The author takes you through the easiest approach of creating MS Access subforms using the built-in wizard tool. You just need to make sure you have a common field that will be the join between the main form and the sub-form in otherwords, have your relationships ready.

You can nest (subforms inside subforms) Access subforms too but keep it simple, you do access subformsnot want to over develop the Access form making it too busy looking and also slowing down the performance if not designed with care.

To learn more about Access relationships, Access forms and much more, take a look at my eBook bundle offerit’s a popular seller!

Microsoft Access Random Number: Setting As The Default Value

Microsoft Access Random Number: Setting As The Default Value

How do you generate Access random number and make it also unique so it can act as your primary key?

The first point to make is you do in fact have a ‘Random’ option (via the ‘New Values’ property) when setting a field to an ‘AutoNumber’ data type but you cannot edit this value (should the need arise) and the sequence is completely, well random!access random numberI use my own random series but still have control should I need to edit the field and Continue reading “Microsoft Access Random Number: Setting As The Default Value”

MS Access Autonumber – How To Take Control And Change The Starting Number

MS Access Autonumber – How To Take Control And Change The Starting Number

Using the MS Access AutoNumber data type field is the first step to keeping the data integrity of your Access database under control stopping end-users from mismanaging key records.

However, when setting the MS Access Autonumber data type to increment, it starts with the value of 1 incrementing by one for each new added record. But what if you wanted to start at 1000? Instead of me creating a quick video tutorial to show you how, let’s ask Paul to demonstrate it below in this 3 minute video…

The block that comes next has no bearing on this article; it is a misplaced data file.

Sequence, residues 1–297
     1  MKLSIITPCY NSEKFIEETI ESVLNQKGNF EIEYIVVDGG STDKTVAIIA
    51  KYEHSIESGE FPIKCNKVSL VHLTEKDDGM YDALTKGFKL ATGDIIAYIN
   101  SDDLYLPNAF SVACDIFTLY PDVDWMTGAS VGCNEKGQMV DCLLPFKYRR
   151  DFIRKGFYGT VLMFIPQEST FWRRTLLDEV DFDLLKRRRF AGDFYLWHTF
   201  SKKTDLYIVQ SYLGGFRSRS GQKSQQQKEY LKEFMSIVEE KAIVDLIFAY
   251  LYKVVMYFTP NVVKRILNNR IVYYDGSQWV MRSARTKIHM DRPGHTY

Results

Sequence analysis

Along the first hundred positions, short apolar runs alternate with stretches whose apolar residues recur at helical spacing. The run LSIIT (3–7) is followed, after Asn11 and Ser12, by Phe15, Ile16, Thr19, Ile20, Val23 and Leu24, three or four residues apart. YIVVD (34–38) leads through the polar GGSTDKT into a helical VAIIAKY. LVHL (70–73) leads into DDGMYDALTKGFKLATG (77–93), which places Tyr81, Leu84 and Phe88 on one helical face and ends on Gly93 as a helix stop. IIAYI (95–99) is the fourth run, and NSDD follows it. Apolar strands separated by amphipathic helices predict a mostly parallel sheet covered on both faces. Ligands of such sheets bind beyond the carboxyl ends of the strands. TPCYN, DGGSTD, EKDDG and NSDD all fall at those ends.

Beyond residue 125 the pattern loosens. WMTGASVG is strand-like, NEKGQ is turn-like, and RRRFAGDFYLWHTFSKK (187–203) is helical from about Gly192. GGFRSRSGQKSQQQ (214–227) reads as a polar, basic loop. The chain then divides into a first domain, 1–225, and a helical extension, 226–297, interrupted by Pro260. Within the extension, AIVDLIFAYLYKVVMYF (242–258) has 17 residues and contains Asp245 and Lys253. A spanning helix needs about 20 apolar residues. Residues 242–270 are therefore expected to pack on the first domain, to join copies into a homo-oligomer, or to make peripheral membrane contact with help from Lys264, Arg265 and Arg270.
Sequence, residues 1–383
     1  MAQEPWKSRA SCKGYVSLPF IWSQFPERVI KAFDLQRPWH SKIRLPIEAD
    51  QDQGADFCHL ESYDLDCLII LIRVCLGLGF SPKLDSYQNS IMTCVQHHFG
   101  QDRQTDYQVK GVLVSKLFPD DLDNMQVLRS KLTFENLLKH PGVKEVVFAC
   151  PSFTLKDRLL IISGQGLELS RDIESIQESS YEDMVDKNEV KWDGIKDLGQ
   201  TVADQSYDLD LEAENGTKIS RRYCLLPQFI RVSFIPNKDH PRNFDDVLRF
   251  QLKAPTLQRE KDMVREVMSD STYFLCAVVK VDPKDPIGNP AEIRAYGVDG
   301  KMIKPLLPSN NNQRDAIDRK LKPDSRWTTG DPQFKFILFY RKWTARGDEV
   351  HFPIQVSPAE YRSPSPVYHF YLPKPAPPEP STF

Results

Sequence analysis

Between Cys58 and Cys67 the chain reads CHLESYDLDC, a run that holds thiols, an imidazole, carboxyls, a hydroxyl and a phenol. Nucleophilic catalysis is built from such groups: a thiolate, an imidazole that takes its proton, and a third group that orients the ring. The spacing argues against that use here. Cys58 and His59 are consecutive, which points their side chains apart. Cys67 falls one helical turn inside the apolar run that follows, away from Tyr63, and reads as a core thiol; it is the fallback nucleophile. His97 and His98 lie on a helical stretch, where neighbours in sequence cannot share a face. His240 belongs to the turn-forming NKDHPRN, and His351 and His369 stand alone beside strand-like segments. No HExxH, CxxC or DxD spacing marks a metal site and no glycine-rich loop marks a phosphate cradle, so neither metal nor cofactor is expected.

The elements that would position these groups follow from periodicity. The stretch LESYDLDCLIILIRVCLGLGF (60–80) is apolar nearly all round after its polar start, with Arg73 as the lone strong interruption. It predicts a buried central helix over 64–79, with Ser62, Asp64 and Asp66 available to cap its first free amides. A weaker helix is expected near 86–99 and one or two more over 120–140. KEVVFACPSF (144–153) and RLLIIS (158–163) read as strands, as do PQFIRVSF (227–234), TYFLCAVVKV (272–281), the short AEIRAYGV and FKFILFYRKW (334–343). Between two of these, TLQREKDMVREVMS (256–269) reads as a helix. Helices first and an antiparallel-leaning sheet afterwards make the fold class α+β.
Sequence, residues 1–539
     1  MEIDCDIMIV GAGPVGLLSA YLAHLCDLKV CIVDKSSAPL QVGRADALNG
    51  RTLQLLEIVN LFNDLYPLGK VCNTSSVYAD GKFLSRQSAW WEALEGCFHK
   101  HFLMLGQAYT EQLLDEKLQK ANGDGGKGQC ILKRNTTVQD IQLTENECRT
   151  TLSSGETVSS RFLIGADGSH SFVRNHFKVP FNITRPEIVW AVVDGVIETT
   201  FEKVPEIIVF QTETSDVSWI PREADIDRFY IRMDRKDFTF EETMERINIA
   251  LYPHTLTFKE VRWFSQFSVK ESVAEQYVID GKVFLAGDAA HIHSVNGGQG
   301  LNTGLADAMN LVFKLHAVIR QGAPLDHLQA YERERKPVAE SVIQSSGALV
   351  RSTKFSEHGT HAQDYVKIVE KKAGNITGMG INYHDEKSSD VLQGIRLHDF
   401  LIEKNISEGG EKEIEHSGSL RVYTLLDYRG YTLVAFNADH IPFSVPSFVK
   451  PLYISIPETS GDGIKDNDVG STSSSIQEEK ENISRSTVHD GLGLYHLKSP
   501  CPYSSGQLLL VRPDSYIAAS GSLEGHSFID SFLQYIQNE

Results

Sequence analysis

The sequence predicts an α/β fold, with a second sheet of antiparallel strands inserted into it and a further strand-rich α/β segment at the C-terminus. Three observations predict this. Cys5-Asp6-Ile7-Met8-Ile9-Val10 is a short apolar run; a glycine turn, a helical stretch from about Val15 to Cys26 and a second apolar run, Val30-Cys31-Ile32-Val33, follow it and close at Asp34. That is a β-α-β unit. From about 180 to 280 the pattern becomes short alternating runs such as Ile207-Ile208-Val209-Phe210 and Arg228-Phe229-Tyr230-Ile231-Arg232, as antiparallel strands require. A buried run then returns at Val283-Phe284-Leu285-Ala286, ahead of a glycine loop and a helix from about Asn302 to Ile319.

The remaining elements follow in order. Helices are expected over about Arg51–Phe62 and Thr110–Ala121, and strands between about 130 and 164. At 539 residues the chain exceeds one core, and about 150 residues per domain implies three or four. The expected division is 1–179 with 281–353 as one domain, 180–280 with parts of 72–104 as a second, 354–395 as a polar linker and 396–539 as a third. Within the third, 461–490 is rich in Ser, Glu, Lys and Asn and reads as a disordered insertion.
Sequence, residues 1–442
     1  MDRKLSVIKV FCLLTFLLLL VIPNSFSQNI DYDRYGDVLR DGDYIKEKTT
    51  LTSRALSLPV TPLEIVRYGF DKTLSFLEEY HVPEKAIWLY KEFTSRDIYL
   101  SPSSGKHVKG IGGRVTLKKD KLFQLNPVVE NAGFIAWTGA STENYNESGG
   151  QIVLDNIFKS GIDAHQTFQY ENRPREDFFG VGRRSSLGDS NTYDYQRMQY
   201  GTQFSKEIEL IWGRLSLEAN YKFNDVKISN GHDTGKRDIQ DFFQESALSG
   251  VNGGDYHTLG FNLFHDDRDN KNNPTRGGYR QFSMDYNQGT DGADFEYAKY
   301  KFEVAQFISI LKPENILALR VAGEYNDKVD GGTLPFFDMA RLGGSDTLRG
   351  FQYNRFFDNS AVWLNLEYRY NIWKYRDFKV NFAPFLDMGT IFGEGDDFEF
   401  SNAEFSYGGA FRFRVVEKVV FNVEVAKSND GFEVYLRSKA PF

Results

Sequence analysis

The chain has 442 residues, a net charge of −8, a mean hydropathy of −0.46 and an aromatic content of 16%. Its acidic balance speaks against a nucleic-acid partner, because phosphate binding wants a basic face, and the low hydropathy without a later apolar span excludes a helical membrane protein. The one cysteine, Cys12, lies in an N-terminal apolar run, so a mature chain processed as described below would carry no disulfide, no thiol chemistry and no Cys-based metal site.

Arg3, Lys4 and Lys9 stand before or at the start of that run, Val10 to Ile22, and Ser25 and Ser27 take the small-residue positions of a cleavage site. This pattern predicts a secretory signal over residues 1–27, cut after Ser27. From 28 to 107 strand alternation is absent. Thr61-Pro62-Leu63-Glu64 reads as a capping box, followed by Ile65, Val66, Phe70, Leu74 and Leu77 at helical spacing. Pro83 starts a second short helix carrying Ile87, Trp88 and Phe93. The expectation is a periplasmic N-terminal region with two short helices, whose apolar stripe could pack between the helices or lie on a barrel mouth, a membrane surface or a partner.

httpv://www.youtube.com/watch?v=hiWqqlT0G2E

MS Access Autonumber – How To Take Control And Change The Starting Number

So you now know a little more about MS Access Autonumber data types unique properties having seen it demonstrated in this video. You will need to know something about append queries which is one of the four action queries Microsoft Access offers.

There is another property value available other than ‘Increment’ option which is required for this technique to work and that is called ‘Random’.

Look out for my next post on how to create your own random unique value which can be edited and controlled using the ‘Default’ property for a new record.

In the meantime, I welcome your comments below and any questions you may have.

Microsoft Access Icons: How To Build Your Own Application Access Icon

Microsoft Access Icons: How To Build Your Own Application Access Icon

Before you distribute your pride and joy Access database, there a few final properties to consider one being the Application Access icon which replaces the standard Microsoft Access icons.

The first thing to know about uploading and setting the Access icon is that it will take either a bitmap (.bmp) or icons (.ico) file formats. So if you have a .png or a .jpg then what?

The other question is if don’t have an icon and want to build your own then breathe a sigh of relief as I will now show you how you can easily build your Access icon for free!

Microsoft Access Icons: How To Build Your Own Application Access Icon – The Steps

Let’s assume you do not have or can find a personalised icon for your database but you have an image you would like to adapt as the Access icon.

Here’s a great free resource that will let you build icons: http://www.favicon.co.uk/

access icons

  1. Get your image (most graphic formats are good) ready
  2. Go to the website where you will clear see the area to browse for your image file.